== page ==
Other veterinarians said corporate ownership had no influence on the care provided. However, Dr. Andrew Federer, medical director of a clinic in Mentor, Ohio, owned by a chain called National Veterinary Associates, said that when someone's pay is tied to the number of procedures and tests performed, incentives could be difficult to be ignored, especially for vets who were just starting out.

“The more they bring to the hospital beyond their current salary, the more production bonus they will receive,” he said.

Only about 4% of pet owners have insurance, and even for them, options are limited. Pet insurance often excludes pre-existing conditions and costs more for older pets who are more likely to get sick.

Companies can also change the terms. This spring, insurance company Nationwide notified thousands of pet owners that it would end their coverage, leaving them scrambling to sign up for new plans that exclude pets' pre-existing conditions. About 100,000 plans will be discontinued, said Kevin Kemper, a national spokesman.

Stephanie Boerger of Royal Oak, Michigan, said Nationwide had covered her cat's chemotherapy but told her it would not renew her plan once it expired in August. The treatment, which costs about $1,000 every two months, will not be covered by any available plans.

“Now I feel like I have to choose between paying for my cat's chemo or letting her die,” said Ms. Boerger, who managed to find new coverage through a competing company.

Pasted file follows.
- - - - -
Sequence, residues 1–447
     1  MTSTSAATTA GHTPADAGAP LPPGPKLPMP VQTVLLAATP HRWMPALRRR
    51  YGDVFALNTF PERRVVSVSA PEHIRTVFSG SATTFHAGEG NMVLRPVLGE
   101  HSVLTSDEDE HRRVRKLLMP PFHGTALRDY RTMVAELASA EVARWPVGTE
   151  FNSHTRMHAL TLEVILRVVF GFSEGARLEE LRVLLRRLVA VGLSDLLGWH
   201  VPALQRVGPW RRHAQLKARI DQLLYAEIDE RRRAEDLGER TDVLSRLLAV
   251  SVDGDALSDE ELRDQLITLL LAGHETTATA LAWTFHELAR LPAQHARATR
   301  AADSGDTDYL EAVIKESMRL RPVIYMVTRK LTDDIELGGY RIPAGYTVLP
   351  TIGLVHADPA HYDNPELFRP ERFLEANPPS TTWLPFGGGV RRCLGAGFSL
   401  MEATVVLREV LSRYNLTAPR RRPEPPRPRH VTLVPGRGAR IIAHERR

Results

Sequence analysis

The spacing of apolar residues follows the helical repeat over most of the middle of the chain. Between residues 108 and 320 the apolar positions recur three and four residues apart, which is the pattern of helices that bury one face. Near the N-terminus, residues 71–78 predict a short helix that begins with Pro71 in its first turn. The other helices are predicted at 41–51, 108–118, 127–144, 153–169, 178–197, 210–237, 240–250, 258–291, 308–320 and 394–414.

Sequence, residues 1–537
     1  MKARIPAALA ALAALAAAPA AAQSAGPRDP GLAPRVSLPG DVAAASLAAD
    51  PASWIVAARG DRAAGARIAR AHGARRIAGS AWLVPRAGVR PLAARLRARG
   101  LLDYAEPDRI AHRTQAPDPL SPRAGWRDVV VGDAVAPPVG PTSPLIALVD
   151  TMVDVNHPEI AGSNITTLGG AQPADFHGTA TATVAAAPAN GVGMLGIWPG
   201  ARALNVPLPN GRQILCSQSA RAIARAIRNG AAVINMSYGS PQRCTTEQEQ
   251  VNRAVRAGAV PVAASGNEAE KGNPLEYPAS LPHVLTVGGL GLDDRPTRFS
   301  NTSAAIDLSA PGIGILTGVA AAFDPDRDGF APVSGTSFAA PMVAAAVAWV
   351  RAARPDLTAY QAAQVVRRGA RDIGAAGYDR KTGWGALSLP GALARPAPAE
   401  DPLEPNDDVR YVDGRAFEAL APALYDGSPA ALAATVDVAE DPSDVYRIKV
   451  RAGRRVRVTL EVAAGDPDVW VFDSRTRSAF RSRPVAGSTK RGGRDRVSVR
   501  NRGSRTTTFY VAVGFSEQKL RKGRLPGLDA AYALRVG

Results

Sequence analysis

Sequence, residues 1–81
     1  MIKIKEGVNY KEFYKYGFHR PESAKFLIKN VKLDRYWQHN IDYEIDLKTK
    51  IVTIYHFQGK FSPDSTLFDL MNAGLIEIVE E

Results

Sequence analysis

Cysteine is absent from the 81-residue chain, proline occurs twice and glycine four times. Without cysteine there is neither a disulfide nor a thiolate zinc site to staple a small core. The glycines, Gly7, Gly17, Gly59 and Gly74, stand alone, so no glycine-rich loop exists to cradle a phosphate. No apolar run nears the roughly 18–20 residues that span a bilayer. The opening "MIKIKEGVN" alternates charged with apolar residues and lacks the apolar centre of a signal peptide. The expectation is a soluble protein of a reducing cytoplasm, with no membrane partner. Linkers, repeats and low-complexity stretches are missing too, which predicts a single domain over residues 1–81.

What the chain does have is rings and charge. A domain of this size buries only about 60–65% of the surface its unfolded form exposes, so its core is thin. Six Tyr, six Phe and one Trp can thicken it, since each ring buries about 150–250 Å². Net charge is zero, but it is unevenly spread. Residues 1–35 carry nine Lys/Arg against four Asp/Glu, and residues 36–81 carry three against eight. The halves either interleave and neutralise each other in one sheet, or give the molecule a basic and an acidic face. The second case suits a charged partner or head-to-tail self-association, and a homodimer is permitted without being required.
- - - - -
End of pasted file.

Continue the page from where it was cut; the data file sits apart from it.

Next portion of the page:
In a statement, the national spokesperson cited the rising costs of veterinary care. “We are making these difficult decisions now so that we can continue to be here for even more pets in the future,” he said.

Many veterinarians offer specialty credit cards sold by outside companies, such as the CareCredit card used by Ms. Kirsch and Ms. Massey. Last year, the Biden administration warned that these medical credit cards — also promoted by doctors and dentists — have led many consumers into debilitating debt. A CareCredit spokesperson said about 80% of cardholders paid off their debt before the introductory interest-free period expired.

Some groups, including the American Society for the Prevention of Cruelty to Animals, are studying how veterinarians can perform common procedures more affordably. And many vets say they try to offer a “spectrum of care,” a nonjudgmental way of discussing the least expensive options.

For many people, the company of a pet is priceless.

After Ladybird's death, Mrs. Massey adopted Lunabear, a lab mix who, she jokes, is “allergic to the very air we breathe.” Lunabear requires prescription food that costs $6 a can and takes a $3 allergy pill three times a day. Last year she underwent surgery on her leg.

These costs totaled nearly $4,000, much of which was charged to the high-interest credit card. But Ms Massey, who suffers from severe depression and lives alone, said her dogs were top priority. “I pay the bills and then buy the food,” she said.

Ben Casselmann contributed to the reporting.

Leave a Reply

Your email address will not be published. Required fields are marked *